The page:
WOODFORD — The Southwest Vermont Supervisory Union's Act 46 study committee continued making the rounds to member towns on Monday, hearing the hopes and concerns of Woodford residents regarding how the SU should handle complying with the controversial education law.

"Act 46 is a law that was enacted by the legislature last year that is making the school districts in Vermont look at consolidation," said committee chairwoman Jackie Prue to the small audience that had gathered at the town hall. As at the previous public forums, SVSU superintendent Jim Culkeen explained the various consolidation structures that the law provides for, including the preferred model, which involves a single pre-K through 12 district consisting of at least 900 students. In the case of the SVSU, that would mean eliminating all local school boards and replacing them with a single board that would manage all of the schools. Many board members have been hesitant to give up local control, and North Bennington would not seem to fit in with that model, as they desire to retain school choice pre-K through 6, at least.


There are also alternative structures available, but the committee is trying to hear from every community before beginning to discuss those options in depth.

Woodford's representative on the committee, Dick Franz, attempted to explain the history of consolidation discussions in the SVSU. "We took a look at things in 1992 with the Century Fund study," he said, "The LEAD Think Tank Reform study was in 1993. In 1995 there was a unified study, where we thought we were going to consolidate a lot of the services that we have since consolidated. In 1996 there was a vote, 'Should seven districts of the SVSU vote to form one unified district?' and it went down in flames. In 2004 there was an SVSU governance study. In 2006, a student redistribution study. 2011 was the RED (Regional Education District) study, and here we are in 2015. So, all of these appear to be state-supported, and I guess my fear is that we have to take some kind of action to describe what we want to look like, or the state will do it for us."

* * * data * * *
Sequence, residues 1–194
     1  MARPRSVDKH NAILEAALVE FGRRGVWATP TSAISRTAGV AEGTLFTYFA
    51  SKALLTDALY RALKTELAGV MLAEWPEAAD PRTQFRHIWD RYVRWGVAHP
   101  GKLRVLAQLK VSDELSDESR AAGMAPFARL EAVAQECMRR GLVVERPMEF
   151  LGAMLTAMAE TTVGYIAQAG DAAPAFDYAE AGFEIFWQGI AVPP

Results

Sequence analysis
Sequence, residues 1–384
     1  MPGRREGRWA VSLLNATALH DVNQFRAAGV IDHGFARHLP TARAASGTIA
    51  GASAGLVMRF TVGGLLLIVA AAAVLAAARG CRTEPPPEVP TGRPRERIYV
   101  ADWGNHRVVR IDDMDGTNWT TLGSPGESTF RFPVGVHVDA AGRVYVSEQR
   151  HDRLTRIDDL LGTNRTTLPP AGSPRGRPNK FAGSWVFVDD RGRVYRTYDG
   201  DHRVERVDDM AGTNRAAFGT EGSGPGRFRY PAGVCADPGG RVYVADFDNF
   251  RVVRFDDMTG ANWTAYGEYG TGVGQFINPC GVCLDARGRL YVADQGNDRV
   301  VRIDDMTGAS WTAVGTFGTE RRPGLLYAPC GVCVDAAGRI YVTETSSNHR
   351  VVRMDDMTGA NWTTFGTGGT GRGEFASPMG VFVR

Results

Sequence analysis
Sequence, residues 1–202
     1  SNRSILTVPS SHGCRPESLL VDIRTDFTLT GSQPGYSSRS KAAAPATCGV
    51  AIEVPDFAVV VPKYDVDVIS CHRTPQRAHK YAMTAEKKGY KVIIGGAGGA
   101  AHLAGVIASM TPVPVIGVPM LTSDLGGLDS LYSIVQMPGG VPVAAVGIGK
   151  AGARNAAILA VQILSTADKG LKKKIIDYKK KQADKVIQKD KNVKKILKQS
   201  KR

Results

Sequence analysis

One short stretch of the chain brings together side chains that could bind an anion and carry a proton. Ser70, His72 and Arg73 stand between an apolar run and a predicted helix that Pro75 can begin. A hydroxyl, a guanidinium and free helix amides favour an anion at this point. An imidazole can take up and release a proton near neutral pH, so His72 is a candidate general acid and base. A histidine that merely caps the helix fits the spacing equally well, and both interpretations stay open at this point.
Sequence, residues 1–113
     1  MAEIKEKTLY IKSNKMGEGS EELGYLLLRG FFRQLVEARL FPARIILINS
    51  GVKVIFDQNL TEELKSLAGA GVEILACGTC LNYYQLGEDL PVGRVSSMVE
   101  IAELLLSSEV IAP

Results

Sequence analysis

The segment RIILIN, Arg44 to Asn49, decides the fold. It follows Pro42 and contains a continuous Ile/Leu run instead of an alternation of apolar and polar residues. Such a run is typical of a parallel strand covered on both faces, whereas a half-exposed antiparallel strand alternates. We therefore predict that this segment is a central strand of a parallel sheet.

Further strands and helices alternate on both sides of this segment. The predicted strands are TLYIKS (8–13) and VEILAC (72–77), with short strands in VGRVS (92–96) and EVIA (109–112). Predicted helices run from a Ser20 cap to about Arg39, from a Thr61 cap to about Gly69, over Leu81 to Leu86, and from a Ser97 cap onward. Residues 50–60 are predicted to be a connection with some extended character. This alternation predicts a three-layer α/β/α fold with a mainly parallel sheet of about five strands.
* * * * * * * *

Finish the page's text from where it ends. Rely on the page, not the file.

Prue expressed to the Woodford residents that, regardless of what the consolidation ends up looking like, there is no intention from any members of the committee to close any schools. She said that four of her grandchildren attended Woodford Elementary, and had a great experience there, and that she understands better than most how important the school is for their community. "I do know that you have a very nice school down here, it is very family-oriented, it's the center of this community," she said, "I hope that, if we do decide to consolidate, that there could be some language written in that we would not be closing schools. That's what I think everybody's worried about. I know Shaftsbury doesn't want their school closed, Pownal definitely doesn't want their school closed, North Bennington doesn't want their's, you don't want yours, and we can't close a school in Bennington." She did say that it would be nice to be able to move students between schools when space is available, something that is mostly impossible now.

The committee has already visited Shaftsbury and Pownal, and will visit North Bennington and Bennington in the coming months. A clock is ticking, however, said Culkeen, who noted that for the preferred and side-by-side models described in the law, and to get the tax credits associated with adopting those models, a proposal would need to go before the voters before July of 2017.

Derek Carson can be reached for comment at 802-447-7567, ext. 122.